VIII. It will be obvious to all who study what I may call the natural history of poetry, that short hymns or songs must long have preceded the gigantic compositions of Homer. Linus and Thamyris, and, more disputably, Orpheus, are recorded to have been the precursors of Homer, though the poems ascribed to them (some of which still remain) were of much later date. Almost coeval with the Grecian gods were doubtless religious hymns in their honour. And the germe of the great lyrical poetry that we now possess was, in the rude chants of the warlike Dorians, to that Apollo who was no less the Inspirer than the Protector. The religion of the Greeks preserved and dignified the poetry it created; and the bard, "beloved by gods as men," became invested, as well with a sacred character as a popular fame. Beneath that cheerful and familiar mythology, even the comic genius sheltered its license, and found its subjects. Not only do the earliest of the comic dramatists seem to have sought in mythic fables their characters and plots, but, far before the DRAMA itself arose in any of the Grecian states, comic recital prepared the way for comic representation. In the eighth book of the Odyssey, the splendid Alcinous and the pious Ulysses listen with delight to the story, even broadly ludicrous, how Vulcan nets and exposes Venus and her war-god lover -
"All heaven beholds imprisoned as they lie,
And unextinguished laughter shakes the sky."
And this singular and well-known effusion shows, not only how grave and reverent an example Epicharmus had for his own audacious portraiture of the infirmities of the Olympian family, but how immemorially and how deeply fixed in the popular spirit was the disposition to draw from the same source the elements of humour and of awe.
But, however ancient the lyrical poetry of Greece, its masterpieces of art were composed long subsequent to the Homeric poems; and, no doubt, greatly influenced by acquaintance with those fountains of universal inspiration. I think it might be shown that lyrical poetry developed itself, in its more elaborate form, earliest in those places where the poems of Homer are most likely to have been familiarly known.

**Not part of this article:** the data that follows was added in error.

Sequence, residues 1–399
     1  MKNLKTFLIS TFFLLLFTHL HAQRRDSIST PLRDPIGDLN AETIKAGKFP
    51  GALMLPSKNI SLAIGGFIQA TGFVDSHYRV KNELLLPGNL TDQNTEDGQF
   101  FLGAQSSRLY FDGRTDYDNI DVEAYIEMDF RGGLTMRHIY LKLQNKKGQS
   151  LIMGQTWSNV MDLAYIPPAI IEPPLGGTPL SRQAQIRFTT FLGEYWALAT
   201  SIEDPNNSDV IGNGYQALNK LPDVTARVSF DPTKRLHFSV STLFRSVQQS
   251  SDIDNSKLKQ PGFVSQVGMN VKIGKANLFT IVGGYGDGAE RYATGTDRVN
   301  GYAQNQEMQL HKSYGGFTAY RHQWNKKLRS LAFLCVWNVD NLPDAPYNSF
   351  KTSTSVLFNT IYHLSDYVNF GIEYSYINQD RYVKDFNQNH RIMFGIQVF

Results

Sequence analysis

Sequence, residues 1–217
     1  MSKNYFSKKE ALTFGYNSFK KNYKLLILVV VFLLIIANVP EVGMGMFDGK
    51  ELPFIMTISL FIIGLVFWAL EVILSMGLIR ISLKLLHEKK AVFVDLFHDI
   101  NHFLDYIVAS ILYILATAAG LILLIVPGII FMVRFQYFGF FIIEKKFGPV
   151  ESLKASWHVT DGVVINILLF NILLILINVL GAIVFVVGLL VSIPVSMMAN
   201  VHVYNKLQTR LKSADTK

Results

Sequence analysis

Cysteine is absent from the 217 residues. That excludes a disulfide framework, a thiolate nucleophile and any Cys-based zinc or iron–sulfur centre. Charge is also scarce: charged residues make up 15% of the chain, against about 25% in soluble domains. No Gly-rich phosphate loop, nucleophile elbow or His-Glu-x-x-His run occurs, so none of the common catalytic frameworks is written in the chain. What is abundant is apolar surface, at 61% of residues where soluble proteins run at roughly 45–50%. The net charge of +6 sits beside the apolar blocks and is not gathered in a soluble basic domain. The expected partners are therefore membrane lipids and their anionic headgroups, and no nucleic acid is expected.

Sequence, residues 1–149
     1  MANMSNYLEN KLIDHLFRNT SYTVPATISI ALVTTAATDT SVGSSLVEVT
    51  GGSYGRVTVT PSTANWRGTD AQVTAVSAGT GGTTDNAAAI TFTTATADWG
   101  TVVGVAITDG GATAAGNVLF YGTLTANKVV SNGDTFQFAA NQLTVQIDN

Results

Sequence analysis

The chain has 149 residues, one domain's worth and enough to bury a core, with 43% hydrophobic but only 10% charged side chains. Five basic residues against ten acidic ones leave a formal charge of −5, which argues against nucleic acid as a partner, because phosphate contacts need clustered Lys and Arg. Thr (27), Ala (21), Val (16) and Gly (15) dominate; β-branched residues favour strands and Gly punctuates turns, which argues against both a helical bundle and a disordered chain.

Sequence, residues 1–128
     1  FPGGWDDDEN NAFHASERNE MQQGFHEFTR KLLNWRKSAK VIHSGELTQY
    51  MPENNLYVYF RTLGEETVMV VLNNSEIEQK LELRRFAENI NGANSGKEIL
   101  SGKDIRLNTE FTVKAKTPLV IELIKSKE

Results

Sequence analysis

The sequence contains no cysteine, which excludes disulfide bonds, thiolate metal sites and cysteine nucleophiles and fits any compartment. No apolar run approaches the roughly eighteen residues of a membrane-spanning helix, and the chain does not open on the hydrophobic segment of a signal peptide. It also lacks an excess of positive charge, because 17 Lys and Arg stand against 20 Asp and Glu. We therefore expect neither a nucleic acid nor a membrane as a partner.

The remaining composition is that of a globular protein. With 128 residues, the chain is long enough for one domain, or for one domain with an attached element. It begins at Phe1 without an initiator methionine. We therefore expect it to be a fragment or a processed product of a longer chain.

The peculiar character of the Greek lyrical poetry can only be understood by remembering its inseparable connexion with music; and the general application of both, not only to religious but political purposes. The Dorian states regarded the lyre and the song as powerful instruments upon the education, the manners, and the national character of their citizens. With them these arts were watched and regulated by the law, and the poet acquired something of the social rank, and aimed at much of the moral design, of a statesman and a legislator: while, in the Ionian states, the wonderful stir and agitation, the changes and experiments in government, the rapid growth of luxury, commerce, and civilization, afforded to a poetry which was not, as with us, considered a detached, unsocial, and solitary art, but which was associated with every event of actual life - occasions of vast variety - themes of universal animation. The eloquence of poetry will always be more exciting in its appeals - the love for poetry always more diffused throughout a people, in proportion as it is less written than recited. How few, even at this day, will read a poem! - what crowds will listen to a song! Recitation transfers the stage of effect from the closet to the multitude - the public becomes an audience, the poet an orator. And when we remember that the poetry, thus created, imbodying the most vivid, popular, animated subjects of interest, was united with all the pomp of festival and show - all the grandest, the most elaborate, and artful effects of music - we may understand why the true genius of lyrical composition has passed for ever away from the modern world.